Michael Morgan, DVMQuail Animal Hospital, Tustin, CA

“The MiDOG All-in-One Test is amazing, I would use it instead of culture and sensitivity.  Such rapid and detailed results, I will reach for MiDOG before culture next time!

Thank you very much MiDOG, for sharing the opportunity to try your technology.”

Martha Smith-Blackmore, DVM, President of Forensic Veterinary Investigations, LLC – Boston, MA

The MiDOG All-in-One Microbial Test is our new gold standard of pathogen identification. The results are so accurate and valuable – especially with assessing both bacterial and fungal infections with the same sample.

Thank you MiDOG!”

Kathy Wentworth, DVM, Diplomate ABVP Canine and Feline Practice – PetPoint Medical Center, Irvine, CA

“The MiDOG staff was extremely helpful and supportive.”

Cathy Curtis, DVM – London, UK

“I have had great results using the MiDOG® Test. Compared to traditional culture tests, I am better able to target the treatment for dogs because the MiDOG® Test is so sensitive that it identifies all pathogens including bacteria and fungi, as well as antibiotic sensitivity.

The cost and turnaround time are about the same as a culture test, but I get much more data. The test has great performance and I believe the NGS technology will be a game changer for veterinarians treating dogs with lesions or other infections.”

Michael Kavanagh, DVM, Practice owner – Saddleback Animal Hospital, Tustin, CA

“It’s helpful to have an NGS spectrum because it gives you a broader insight of what’s happening and what might be going on.”

Richard Harvey BVSc DVD DipECVD PhD FRSB FRCVS – European Specialist in Veterinary Dermatology – Head of Dermatology, Willows Veterinary Centre & Referral Service – Solihull, England UK

“I have been using MiDog for over 4 years now and exclusively as my test of choice for all cultures for 3 years.  It is so great to submit a culture and feel confident there will be a result when it comes back, especially for urine cultures.  The reports were intimidating at first because they contain so much information.  After the first few, I am now quickly able to glance over it and pick out the highlights.  I can then come back later and pour over all the details.  I have been extremely pleased with my patients’ results using the test as well.  I don’t envision ever going back to traditional culture and susceptibilities again.”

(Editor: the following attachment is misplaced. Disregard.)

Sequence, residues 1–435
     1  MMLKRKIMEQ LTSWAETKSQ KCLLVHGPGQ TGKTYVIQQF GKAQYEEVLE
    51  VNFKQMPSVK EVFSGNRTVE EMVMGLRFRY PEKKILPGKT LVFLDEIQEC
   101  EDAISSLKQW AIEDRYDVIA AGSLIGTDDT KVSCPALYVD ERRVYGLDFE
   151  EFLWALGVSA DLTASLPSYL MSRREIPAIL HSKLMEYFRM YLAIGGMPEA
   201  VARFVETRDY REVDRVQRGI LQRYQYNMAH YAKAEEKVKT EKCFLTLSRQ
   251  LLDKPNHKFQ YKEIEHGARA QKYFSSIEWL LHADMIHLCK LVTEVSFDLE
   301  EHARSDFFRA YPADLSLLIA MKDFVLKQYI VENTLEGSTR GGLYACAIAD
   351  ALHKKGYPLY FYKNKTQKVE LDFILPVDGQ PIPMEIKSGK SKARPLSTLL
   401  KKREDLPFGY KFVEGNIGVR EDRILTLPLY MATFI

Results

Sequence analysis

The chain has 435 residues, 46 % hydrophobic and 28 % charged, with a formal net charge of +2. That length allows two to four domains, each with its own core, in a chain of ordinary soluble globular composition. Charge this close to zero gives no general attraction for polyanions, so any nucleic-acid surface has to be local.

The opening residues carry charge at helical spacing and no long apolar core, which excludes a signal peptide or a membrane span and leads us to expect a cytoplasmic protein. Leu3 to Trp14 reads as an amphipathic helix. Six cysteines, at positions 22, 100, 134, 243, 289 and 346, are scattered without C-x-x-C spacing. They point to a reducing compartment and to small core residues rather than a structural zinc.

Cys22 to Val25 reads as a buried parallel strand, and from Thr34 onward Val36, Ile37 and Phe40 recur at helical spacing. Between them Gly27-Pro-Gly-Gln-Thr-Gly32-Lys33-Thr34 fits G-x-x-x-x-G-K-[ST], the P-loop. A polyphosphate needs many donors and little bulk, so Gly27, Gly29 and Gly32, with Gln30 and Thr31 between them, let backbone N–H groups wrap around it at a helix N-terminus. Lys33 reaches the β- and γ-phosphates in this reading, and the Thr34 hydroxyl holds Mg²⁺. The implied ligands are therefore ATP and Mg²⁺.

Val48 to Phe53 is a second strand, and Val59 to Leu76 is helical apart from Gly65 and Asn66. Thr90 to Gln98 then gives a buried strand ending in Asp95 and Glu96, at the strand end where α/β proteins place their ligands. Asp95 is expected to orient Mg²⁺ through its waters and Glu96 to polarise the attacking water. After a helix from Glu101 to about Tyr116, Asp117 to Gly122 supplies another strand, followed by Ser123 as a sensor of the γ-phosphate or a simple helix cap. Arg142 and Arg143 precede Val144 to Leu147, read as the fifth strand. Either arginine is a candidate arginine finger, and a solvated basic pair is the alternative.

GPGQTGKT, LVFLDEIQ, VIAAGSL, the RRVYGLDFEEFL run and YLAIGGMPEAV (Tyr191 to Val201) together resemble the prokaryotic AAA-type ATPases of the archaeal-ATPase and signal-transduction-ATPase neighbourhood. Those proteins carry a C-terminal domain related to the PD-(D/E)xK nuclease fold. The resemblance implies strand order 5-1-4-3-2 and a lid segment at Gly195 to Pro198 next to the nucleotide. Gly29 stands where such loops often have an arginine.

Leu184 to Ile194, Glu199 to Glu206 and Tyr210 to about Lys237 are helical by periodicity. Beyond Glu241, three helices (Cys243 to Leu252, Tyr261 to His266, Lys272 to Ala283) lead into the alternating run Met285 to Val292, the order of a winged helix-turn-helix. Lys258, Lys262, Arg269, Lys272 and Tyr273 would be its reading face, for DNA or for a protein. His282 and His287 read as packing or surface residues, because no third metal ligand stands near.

Brian M. Urmson, DVM, Columbiana Veterinary Associates

“As an exotic veterinarian, there are numerous tests we have to consider to check specific bacterial and fungal organisms based on the species. MiDOG eliminates the need for many of these separate samples and provides definitive results quickly to help us treat our patients more efficiently and effectively. The lab is wonderful to work with and has never rejected our samples- they even processed a lizard toe we amputated and determined the cause of skin infection.”

Dr. Melissa Giese, Chicago Exotics Animal Hospital

“MiDOG’s diagnostic approach offers the unique ability to identify pathogens that evade traditional culture and sensitivity testing. I have found that adding a molecular based testing approach in the form of Next Generation Sequencing (NGS) from MiDOG to my routine diagnostic cultures can be extremely helpful in the identification and diagnosis of uncommon pathogens in veterinary medicine.”

Dr. Wayne Rosenkrantz, Animal Dermatology Clinic – Tustin

“She [Dr. Krumbeck] really did a great job of making complicated concepts accessible and demonstrating the value of your services. I’m really looking forward to working with MiDOG on my research project!”

Dr. Yaicha Peters, Animal Dermatology Clinic – San Diego

“As a proud collaborator with MiDOG, I deeply appreciate their dedication to fostering partnerships between industry and veterinary experts. Their commitment to enhancing diagnostic quality for veterinarians is commendable. In my experience, their support has been invaluable, earning them a ‘Double A+, Triple Star’ rating. Their assistance has been faultless, contributing significantly to the success of my projects and studies. I eagerly anticipate our continued collaboration.”

Dr. Richard Harvey, BVSc DVD DipECVD PhD FRSB FRCVS; European Specialist in Veterinary Dermatology

“We’re seeing that, if we prescribe too many antibiotics or they’re taken too frequently, animals are developing inappropriate or pathogenic strains of bacteria. We’re also seeing that our antibiotics are just not working against them anymore… It’s a good example of why we need better diagnostic testing, like MiDOG, so that we’re selecting the correct antibiotic every time our patients have an infection.”

Dr. Alissa Rexo, DVM, CVA, DACVD, Mid-Atlantic Veterinary Dermatology

“The NGS technique as offered by MiDOG is wonderful because pathogens like Melissococcus plutonius, for example, are difficult to grow and keep alive in the laboratory. A standard laboratory cannot truly examine or even properly diagnose this pathogen in bee hives at this time. But with NGS, we can reliably diagnose it.”

Dr. Joerg Mayer, Entomologist and Microbiologist at the University of Georgia

“For me, as a clinician and as a researcher, I see the immense value in the product [the All-in-One Test]. I have had great success using MiDOG clinically, including identifying Mycoplasma in a 24 year old pigeon, a Nannizziopsis spp in a ball python from a large pet distributor, Mycoplasma and Fusobacterium necrophorum co-infection in a peacock, and to identify an abnormal gut GI in a technician’s dog that tested negative for everything else (but we were able to establish what was abnormal, and work toward fixing it).”

Dr. Jeremy Rayl – Veterinarian, Block House Creek Animal Hospital, Cedar Park, Texas